I find that the best way to avoid that is to revert to what Christmas used to mean by making my own gifts. Nothing fancy or lavish, but something that shows originality, care and affection. I’ve made everything from potpourris to potholders, jams and tree ornaments, cookies and candles and candy, but I find that the easiest and most appreciated gifts from my kitchen have often been miniloaves of quick bread in inexpensive ceramic or foil loaf pans. Wrapped in colored cellophane and tied with a length of pretty ribbon, they’re always welcome.

Here are three of the many versions.

Banana Raisin Bread

Banana Raisin Bread

YIELD: Makes 3 miniloaves

INGREDIENTS:

¾ cup golden raisins

2 cups flour

1 teaspoon baking soda

½ teaspoon salt

½ cup unsalted butter

1 cup sugar

2 eggs

1 cup mashed very ripe bananas (about 2)

1/3 cup milk

1 teaspoon lemon juice or vinegar

DIRECTIONS:

Soak the raisins in hot water. Preheat oven to 350 F and generously grease three 6- by 3- by 2-inch loaf pans. Sift flour with baking soda and salt. Cream butter and sugar; add eggs and bananas and blend thoroughly. Combine the milk and lemon juice (don’t worry if it curdles a little). Slowly and alternately fold in the flour mixture and the milk mixture, beginning and ending with the dry ingredients and blending well, but not overmixing. Drain raisins and fold into batter. Divide batter evenly among three prepared loaf pans; bake for 30 to 35 minutes, until a cake tester inserted in center comes out clean. Cool on racks. Serve with hot coffee, tea or hot chocolate.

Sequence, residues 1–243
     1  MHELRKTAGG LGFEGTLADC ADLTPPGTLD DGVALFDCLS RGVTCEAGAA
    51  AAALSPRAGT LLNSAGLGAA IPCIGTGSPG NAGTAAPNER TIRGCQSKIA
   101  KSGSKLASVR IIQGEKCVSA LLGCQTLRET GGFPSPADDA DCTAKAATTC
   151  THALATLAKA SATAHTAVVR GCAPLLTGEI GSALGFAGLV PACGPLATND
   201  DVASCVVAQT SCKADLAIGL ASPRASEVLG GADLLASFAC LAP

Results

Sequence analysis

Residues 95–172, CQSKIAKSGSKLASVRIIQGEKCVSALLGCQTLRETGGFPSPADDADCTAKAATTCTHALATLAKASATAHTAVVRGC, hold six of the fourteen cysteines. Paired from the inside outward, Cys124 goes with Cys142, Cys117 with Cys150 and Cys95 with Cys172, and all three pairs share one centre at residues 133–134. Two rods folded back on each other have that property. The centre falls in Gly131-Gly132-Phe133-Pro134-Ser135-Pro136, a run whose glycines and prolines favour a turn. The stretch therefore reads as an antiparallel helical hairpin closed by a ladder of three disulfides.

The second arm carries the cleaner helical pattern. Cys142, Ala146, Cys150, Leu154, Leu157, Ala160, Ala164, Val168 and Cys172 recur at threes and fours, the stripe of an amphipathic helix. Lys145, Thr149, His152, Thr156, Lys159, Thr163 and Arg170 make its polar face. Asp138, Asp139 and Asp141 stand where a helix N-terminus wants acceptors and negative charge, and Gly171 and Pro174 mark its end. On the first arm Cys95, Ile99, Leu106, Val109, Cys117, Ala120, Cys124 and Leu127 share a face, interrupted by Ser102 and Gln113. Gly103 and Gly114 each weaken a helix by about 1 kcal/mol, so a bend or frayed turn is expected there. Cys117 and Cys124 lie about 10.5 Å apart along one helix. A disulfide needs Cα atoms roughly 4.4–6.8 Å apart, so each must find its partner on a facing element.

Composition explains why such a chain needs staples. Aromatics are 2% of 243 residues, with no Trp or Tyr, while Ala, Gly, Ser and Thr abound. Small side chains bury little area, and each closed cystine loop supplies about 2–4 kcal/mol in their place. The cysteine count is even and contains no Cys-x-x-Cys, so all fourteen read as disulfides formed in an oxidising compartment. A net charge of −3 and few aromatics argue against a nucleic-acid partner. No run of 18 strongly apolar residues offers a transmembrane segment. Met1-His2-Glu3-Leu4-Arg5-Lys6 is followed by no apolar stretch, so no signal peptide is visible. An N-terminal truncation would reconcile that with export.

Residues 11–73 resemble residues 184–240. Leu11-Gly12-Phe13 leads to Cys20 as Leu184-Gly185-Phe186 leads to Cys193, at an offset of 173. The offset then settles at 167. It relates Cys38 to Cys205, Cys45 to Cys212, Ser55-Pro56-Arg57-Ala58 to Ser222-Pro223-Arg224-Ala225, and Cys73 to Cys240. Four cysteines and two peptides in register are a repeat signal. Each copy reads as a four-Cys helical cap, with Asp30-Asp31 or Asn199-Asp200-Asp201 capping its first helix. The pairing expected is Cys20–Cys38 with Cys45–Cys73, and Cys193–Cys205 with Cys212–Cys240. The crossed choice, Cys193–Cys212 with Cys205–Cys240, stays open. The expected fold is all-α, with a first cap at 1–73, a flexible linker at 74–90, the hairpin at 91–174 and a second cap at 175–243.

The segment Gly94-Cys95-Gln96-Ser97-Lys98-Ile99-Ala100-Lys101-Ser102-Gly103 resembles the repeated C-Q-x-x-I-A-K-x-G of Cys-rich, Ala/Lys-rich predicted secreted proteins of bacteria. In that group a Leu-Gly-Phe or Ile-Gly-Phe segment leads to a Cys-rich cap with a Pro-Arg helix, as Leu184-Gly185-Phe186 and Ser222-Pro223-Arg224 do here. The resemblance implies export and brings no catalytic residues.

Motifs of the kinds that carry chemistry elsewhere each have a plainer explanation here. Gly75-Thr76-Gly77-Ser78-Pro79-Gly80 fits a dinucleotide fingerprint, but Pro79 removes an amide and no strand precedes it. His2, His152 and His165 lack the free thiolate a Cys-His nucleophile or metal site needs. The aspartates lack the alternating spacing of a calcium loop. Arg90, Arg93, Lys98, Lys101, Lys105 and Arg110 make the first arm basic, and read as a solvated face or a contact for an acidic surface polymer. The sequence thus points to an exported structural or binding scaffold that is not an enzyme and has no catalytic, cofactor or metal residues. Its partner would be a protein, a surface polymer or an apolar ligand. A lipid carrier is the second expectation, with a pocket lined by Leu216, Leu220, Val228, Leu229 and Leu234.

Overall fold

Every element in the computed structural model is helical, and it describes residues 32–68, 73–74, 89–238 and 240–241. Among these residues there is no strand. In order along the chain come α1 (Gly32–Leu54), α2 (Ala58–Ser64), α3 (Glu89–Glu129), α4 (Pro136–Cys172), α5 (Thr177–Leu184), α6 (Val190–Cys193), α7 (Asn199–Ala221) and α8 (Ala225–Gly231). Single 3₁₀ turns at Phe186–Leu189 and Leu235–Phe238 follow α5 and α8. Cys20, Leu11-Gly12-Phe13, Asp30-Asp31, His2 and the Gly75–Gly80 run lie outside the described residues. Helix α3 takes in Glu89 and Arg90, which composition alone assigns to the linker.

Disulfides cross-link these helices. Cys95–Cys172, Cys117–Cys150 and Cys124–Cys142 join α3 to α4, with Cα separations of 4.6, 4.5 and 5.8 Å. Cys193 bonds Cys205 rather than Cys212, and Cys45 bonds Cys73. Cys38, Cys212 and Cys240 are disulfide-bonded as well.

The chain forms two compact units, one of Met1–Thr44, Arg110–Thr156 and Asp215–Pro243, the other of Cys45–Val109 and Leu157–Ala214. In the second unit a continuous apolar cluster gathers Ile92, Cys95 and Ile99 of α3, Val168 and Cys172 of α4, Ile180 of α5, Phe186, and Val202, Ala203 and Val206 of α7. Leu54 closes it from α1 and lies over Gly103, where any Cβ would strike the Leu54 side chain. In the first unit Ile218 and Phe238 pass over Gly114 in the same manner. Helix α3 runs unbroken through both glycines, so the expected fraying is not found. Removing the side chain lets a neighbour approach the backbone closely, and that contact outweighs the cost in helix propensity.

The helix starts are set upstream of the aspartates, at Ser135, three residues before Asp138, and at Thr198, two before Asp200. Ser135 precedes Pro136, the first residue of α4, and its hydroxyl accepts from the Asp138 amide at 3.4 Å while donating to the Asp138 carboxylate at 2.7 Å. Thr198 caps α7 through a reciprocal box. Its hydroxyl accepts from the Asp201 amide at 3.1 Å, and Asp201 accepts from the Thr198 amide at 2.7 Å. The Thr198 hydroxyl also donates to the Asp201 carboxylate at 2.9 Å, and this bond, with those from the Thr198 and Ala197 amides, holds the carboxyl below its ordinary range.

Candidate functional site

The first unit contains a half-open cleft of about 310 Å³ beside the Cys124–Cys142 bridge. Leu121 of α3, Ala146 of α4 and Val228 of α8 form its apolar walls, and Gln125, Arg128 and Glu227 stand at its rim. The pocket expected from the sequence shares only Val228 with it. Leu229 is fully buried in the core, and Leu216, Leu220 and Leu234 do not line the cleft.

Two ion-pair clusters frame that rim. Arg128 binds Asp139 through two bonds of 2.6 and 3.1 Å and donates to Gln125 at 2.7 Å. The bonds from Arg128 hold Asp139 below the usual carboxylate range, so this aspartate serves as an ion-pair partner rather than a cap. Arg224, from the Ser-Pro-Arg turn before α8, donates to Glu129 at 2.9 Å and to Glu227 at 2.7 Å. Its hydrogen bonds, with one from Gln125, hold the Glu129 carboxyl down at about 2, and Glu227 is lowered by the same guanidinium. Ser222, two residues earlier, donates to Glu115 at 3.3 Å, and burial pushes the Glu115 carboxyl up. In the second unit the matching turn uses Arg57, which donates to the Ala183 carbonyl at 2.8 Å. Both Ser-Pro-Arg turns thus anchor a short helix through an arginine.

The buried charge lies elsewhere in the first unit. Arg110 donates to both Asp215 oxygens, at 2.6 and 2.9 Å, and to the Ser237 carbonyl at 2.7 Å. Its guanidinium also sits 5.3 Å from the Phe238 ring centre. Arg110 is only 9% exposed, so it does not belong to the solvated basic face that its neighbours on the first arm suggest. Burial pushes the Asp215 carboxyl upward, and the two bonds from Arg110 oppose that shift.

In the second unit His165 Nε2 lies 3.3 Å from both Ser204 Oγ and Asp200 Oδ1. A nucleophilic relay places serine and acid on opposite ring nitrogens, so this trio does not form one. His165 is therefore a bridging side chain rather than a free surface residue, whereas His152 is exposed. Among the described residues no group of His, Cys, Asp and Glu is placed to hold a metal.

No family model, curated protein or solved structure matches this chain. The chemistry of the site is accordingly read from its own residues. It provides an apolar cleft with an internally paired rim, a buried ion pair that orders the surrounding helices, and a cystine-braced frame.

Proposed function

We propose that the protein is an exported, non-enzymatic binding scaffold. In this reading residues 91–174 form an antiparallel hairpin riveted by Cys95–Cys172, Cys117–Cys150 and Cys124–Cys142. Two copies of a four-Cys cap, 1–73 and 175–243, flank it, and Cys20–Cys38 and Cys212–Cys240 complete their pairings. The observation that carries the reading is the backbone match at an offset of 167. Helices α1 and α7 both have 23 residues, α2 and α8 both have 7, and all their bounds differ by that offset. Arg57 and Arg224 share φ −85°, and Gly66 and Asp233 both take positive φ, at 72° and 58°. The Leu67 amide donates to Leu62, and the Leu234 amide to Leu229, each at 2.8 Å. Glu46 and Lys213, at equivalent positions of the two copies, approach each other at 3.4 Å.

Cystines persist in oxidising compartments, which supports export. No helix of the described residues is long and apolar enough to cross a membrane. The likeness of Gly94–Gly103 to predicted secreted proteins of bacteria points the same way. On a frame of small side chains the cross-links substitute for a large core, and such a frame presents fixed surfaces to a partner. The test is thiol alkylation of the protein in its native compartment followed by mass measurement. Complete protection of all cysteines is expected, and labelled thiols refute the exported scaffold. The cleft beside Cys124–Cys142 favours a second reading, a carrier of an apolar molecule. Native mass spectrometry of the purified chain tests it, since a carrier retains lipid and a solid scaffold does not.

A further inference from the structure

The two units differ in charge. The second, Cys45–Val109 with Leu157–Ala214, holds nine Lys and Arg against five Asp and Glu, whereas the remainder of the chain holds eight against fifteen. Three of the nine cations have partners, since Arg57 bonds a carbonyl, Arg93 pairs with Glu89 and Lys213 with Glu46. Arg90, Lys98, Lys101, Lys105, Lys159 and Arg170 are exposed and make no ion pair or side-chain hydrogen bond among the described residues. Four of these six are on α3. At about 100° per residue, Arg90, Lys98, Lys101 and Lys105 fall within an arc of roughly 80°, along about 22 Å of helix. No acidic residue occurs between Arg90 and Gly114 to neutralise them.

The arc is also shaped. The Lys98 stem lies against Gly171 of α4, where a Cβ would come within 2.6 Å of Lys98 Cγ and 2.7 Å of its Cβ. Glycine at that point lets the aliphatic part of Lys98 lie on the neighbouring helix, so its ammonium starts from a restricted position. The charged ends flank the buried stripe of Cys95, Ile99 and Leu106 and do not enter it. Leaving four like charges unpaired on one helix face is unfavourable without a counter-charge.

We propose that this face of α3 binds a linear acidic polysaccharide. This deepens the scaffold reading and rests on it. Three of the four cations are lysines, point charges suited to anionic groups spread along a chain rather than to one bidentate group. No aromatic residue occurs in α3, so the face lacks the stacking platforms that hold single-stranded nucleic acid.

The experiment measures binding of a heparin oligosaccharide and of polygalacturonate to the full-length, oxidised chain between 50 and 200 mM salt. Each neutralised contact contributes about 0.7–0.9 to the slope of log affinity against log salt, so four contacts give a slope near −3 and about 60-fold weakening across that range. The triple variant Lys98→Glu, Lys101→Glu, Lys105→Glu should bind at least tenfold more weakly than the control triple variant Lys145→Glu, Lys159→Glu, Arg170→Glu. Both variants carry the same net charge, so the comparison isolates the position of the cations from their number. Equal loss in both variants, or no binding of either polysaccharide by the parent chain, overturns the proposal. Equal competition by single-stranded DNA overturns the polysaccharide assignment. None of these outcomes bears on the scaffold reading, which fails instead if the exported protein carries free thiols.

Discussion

Bourbon Bread

Bourbon Bread

YIELD: Makes 3 miniloaves

INGREDIENTS:

2 cups flour

2½ teaspoons baking powder

½ teaspoon baking soda

½ teaspoon salt

1½ teaspoons ground nutmeg

1 cup chopped walnuts

1 cup sugar

1 cup sour cream

1 egg, well beaten

¼ cup vegetable oil

½ cup bourbon

1/3 cup brown sugar

DIRECTIONS:

Preheat oven to 350 F and generously grease and flour three 6- by 3- by 2-inch miniloaf pans. In a large bowl combine flour, baking powder, baking soda, salt, nutmeg, walnuts and sugar. In a medium bowl combine sour cream, egg, oil and bourbon; add to dry mixture and stir just until blended. Divide batter evenly among the miniloaf pans, sprinkle with brown sugar before baking. Bake 35 to 45 minutes, until cake tester inserted in center comes out clean. Cool on racks. Serve with brandy, liqueur or chai tea.

Date Pecan Bread

Date Pecan Bread